Though I'm still reluctant to depend on undefined behaviour.

Anyway, I have decided to send just plain data, no functions. Code will
be sent in the form of software upgrades, just the way that people
expect things to work. (Sending functions implies all sorts of security
hassles anyway.)

Regards,
Jo



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Functions in data structures

Ulf Wiger (AL/EAB)
From: "Joachim Durchholz" <joachim.durchholz>

 
> Anyway, I have decided to send just plain data, no functions. Code will
> be sent in the form of software upgrades, just the way that people
> expect things to work. (Sending functions implies all sorts of security
> hassles anyway.)

You may want to include a version indicator in the messages going
between nodes. There are currently a few things that can mess up
certain code upgrades:

- record structures are compile-time dependent
- mnesia can not have multiple simultaneous versions of the schema

Thus, if you send records in messages between nodes, and have a
fully distributed database, it is a bit more difficult to upgrade code
one node at a time (an otherwise attractive option).

The issue of mnesia can be overcome by not mixing in too much
into one upgrade, and taking care to build a stable data model.
That is, if your upgrade doesn't contain schema changes, you can
upgrade one node at a time.

The issue of messages between nodes is a bit trickier. I don't think
there are any good guidelines about how to do this. Distribution
transparency is very nice (_very_ nice), but it does make in-service
upgrade a bit more difficult. UBF may offer some relief... The general
recommendation is to exercise more care in communication that
goes across node boundaries -- treat it as a set of formal interfaces.

The main reason for this rambling is that you need to spend some
time rather early thinking about what your upgrade requirements are,
and how they affect your design choices.


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Functions in data structures

Håkan Mattsson-6
On Wed, 18 Jun 2003, Wiger Ulf wrote:

Uffe> The main reason for this rambling is that you need to spend some
Uffe> time rather early thinking about what your upgrade requirements are,
Uffe> and how they affect your design choices.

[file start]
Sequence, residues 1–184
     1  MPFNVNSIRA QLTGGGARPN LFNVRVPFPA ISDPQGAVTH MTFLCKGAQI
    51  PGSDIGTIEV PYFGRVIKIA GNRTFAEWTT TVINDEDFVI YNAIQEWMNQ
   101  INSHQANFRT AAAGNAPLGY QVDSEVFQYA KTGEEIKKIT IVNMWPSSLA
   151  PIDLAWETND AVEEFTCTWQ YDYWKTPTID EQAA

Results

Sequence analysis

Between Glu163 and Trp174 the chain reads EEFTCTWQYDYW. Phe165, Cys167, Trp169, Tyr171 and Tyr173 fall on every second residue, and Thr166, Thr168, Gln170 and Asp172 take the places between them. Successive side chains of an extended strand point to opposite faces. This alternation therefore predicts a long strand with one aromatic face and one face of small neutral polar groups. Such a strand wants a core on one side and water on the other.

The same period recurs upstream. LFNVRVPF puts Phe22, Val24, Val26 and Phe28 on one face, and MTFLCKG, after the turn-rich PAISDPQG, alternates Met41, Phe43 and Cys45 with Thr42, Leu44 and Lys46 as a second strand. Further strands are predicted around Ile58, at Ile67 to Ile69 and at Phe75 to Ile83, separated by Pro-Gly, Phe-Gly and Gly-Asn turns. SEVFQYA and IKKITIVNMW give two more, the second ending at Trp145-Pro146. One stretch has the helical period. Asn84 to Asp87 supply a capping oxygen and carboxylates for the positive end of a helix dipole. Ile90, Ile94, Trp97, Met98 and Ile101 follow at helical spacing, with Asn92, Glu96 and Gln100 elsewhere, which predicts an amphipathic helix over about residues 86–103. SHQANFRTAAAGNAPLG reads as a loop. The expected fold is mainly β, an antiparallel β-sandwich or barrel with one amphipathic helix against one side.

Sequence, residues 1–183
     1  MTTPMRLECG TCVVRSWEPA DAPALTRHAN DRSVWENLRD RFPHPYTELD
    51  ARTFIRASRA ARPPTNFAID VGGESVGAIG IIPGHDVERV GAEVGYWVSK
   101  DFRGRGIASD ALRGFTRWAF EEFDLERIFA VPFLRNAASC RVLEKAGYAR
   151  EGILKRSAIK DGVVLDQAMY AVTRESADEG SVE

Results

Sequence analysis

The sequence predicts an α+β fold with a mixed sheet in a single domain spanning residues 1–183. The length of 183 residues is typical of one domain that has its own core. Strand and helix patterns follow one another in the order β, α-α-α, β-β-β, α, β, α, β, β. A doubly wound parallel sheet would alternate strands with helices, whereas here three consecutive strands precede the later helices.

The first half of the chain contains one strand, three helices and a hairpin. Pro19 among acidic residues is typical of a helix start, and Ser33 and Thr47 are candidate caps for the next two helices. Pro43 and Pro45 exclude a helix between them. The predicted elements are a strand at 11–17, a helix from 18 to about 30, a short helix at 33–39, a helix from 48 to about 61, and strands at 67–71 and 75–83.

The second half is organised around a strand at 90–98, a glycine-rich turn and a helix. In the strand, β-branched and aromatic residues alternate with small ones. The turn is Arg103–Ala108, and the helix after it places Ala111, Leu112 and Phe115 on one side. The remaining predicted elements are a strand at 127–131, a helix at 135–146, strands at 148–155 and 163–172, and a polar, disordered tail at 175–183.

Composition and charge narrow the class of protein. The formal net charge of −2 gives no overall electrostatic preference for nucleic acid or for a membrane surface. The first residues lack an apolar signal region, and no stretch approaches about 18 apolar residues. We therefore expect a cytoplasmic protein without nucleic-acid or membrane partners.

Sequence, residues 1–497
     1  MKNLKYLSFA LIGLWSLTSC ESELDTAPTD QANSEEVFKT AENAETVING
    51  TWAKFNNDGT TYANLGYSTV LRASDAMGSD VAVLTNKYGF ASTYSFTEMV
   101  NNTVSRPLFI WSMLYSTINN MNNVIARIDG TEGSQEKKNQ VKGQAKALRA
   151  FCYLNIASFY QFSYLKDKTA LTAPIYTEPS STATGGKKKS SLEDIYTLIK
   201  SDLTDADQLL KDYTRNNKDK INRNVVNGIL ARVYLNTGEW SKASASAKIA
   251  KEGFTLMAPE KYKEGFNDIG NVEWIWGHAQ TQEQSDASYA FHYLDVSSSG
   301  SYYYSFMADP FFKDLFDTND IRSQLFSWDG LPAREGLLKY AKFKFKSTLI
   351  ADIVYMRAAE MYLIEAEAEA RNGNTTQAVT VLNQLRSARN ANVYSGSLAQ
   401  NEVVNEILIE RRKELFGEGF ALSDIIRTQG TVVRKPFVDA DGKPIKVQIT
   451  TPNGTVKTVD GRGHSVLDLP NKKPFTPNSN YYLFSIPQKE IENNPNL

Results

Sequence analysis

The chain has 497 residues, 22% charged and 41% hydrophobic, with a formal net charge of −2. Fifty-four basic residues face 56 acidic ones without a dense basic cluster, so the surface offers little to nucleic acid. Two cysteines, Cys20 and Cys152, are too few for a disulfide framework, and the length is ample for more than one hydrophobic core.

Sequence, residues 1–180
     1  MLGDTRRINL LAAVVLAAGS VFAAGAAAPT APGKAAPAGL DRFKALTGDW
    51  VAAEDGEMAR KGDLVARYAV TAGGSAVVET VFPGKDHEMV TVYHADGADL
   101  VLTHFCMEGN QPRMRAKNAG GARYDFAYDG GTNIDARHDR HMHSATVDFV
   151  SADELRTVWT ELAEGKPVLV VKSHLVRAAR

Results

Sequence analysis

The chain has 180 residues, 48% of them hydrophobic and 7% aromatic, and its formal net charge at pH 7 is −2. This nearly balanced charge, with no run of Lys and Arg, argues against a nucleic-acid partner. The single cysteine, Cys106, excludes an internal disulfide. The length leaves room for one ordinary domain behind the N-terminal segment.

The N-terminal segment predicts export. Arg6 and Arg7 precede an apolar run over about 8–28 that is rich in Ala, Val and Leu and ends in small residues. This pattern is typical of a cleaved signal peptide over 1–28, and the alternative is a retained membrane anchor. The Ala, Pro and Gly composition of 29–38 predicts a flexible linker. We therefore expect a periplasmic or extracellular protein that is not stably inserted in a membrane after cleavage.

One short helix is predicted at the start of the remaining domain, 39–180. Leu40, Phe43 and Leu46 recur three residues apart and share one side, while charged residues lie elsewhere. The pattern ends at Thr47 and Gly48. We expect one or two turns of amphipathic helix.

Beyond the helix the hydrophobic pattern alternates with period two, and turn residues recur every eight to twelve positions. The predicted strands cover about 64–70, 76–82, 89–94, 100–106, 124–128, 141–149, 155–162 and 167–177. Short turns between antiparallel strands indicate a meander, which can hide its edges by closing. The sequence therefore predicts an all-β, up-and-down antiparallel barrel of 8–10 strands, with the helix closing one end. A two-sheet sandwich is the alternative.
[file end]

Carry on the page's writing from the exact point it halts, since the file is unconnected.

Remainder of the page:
I wrote some internal notes about things to think about when
performing changes in the Mnesia application. The notes are
from 1998 and a bit outdated, but I think that they still can
serve as a source for inspiration when you think about
different types of future changes that you need to prepare
your own application for.

/H?kan

---
H?kan Mattsson
Ericsson
High Availability Software, DBMS Internals
http://www.ericsson.com/cslab/~hakan/
-------------- next part --------------

Mnesia upgrade policy (PA3)
===========================

This paper describes the upgrade policy of the Mnesia application.
It is divided into the following chapters:

        o Architecture overview
        o Compatibility
        o Configuration management
        o Compatibility requirements on other applications
        o Upgrade scenarios
        o Remaining issues

Architecture overview
---------------------

Mnesia is a distributed DataBase Management System (DBMS), appropriate
for telecommunications applications and other Erlang applications
which require continuous operation and exhibit soft real-time
properties. Mnesia is entirely implemented in in Erlang.

Meta data about the persistent tables is stored in a public ets table,
called mnesia_gvar. This ets table is accessed concurrently by several
kinds of processes:

* Static - on each node Mnesia has about 10 static
  processes. Eg. monitor, controller, tm, locker, recover, dumper...

* Dynamic - there are several kinds of dynamic processes are created
  for various purposes. Eg. tab_copier, perform_dump, backup_master ...

* Client processes created by Mnesia users. These invokes the Mnesia
  API to perform operations such as table lookups, table updates,
  table reconfigurations...

All these kinds of processes communicates with each other both locally
(on the same node) and remotely.

Mnesia may either be configured to use local disc or be to totally
disc less. All disc resident data is located under one directory and
is hosted by disk_log and dets.

The persistent tables may be backed up to external media. By default
backups are hosted by disk_log.


Compatibility
-------------

Each release of Mnesia has a unique version identifier. If Mnesia is
delivered to somebody outside the development team, the version
identifier is always changed, even if only one file differs from the
previous release of Mnesia. This means that the exact version of each
file in Mnesia can be determined from the version identifier of the
Mnesia application.

Mnesia does NOT utilize the concept of OTP "patches". The smallest
deliverable is currently the entire application. In future releases we
will probably deliver binaries, source code and different kinds of
documentation as separate packages.